Not Such A Lonely Crusade
The Black Cultural Front: Black Writers and Artists of the Depression Generation
Publisher: Against the Current
Date Written: 01/01/2016
Year Published: 2016
Resource Type: Article
Cx Number: CX21341
Book review of Brian Dolinar's The Black Cultural Front: Black Writers and Artists of the Depression Generation.
The starting point for Dolinar's analysis is the National Negro Congress. Founded in 1935 and launched the following year, this organization combined grassroots campaigning with various strategies towards other cultural institutions, from the official arts bodies of the New Deal administration to the Hollywood film studios.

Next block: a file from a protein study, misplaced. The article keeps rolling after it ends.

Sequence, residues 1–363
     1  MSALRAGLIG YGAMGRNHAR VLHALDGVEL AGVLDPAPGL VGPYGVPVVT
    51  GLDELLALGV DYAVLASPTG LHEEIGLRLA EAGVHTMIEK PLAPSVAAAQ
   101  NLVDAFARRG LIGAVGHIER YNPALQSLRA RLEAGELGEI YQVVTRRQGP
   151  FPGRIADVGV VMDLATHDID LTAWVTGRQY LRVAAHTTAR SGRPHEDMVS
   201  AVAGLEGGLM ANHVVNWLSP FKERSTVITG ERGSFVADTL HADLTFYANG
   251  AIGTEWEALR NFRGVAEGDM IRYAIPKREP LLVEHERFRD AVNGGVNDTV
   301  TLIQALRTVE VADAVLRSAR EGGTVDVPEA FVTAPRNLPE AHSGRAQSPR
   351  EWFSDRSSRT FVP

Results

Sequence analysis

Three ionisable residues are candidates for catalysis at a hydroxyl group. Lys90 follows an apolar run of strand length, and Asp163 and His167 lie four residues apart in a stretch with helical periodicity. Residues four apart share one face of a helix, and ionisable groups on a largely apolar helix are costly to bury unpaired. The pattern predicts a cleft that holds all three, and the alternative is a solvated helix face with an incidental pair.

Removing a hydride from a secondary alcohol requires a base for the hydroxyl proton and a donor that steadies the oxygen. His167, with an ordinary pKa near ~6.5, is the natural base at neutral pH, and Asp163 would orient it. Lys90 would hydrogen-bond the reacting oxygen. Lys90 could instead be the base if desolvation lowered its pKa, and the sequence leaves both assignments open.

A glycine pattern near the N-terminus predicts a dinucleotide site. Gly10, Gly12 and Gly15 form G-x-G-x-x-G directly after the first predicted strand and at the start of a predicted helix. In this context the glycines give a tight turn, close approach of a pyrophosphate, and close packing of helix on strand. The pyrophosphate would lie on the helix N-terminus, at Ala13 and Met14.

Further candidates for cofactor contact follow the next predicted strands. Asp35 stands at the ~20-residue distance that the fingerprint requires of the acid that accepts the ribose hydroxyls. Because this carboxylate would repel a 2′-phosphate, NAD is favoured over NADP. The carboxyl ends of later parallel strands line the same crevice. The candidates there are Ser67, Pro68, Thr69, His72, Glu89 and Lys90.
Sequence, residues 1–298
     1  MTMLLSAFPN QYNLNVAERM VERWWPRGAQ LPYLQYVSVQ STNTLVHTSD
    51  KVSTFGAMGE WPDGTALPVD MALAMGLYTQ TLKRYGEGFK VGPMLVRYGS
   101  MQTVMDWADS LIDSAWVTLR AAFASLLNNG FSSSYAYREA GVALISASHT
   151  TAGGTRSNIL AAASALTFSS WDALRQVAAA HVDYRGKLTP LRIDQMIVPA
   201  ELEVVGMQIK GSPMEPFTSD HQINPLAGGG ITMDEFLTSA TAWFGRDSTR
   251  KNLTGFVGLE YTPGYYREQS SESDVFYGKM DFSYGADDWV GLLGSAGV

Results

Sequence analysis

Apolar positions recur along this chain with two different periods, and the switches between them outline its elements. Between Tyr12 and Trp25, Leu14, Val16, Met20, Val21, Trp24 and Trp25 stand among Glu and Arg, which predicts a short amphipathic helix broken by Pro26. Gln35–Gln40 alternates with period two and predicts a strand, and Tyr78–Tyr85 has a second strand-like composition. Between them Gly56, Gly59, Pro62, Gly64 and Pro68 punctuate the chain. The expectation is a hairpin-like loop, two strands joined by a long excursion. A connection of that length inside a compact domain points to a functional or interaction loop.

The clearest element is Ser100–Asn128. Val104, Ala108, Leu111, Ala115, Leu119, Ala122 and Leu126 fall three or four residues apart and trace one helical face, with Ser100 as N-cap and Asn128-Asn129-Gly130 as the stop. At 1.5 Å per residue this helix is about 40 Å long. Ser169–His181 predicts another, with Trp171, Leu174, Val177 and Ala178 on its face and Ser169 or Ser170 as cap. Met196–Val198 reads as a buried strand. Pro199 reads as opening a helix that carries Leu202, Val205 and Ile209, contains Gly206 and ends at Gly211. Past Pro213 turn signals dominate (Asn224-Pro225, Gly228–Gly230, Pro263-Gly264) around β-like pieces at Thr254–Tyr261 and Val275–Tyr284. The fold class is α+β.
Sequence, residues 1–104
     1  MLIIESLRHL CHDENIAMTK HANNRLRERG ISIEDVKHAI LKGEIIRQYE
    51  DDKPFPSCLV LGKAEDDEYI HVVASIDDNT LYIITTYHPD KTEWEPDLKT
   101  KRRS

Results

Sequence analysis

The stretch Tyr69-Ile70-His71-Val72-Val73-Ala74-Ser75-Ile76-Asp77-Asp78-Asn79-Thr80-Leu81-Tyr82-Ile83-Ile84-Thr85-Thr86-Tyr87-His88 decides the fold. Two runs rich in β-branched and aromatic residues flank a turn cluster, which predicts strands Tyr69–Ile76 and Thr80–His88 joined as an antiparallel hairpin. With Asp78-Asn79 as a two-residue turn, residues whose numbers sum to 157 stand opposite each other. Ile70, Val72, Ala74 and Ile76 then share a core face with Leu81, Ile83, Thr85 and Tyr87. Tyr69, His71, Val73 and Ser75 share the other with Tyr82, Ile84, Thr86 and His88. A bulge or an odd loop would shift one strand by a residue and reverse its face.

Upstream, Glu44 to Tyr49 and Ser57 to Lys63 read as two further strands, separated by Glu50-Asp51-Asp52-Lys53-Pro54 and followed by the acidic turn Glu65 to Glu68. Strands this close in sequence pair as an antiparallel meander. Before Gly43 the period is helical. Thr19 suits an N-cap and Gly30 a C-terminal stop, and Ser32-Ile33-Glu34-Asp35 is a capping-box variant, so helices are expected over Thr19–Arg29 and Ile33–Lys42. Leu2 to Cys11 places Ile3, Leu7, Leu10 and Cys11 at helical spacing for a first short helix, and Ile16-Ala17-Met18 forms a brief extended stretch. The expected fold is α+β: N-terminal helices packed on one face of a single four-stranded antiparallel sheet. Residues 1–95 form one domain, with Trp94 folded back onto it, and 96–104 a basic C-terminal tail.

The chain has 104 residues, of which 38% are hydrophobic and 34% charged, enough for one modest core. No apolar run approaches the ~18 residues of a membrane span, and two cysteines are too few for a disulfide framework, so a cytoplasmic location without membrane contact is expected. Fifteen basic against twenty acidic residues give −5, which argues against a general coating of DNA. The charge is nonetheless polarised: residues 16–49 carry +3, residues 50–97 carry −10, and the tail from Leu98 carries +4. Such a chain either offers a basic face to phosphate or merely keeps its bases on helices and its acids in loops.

A prototype civil rights organization, it built on the example set by interracial defense campaigns, including those of the Scottsboro Nine and Angelo Herndon. Membership peaked at 20,000, with A. Philip Randolph elected President and John P. Davis of Roosevelt's "black cabinet" as its National Secretary.
In cultural terms, NNC campaigns were concerned with questions of representation, such as bringing pressure to bear on radio stations for their racist content (Amos 'n' Andy, 1928-43) and employment practises. Yet they also provided an entertaining environment for Black audiences and their white allies, drawing upon music and entertainment industries talent to raise funds and building solidarity for numerous causes.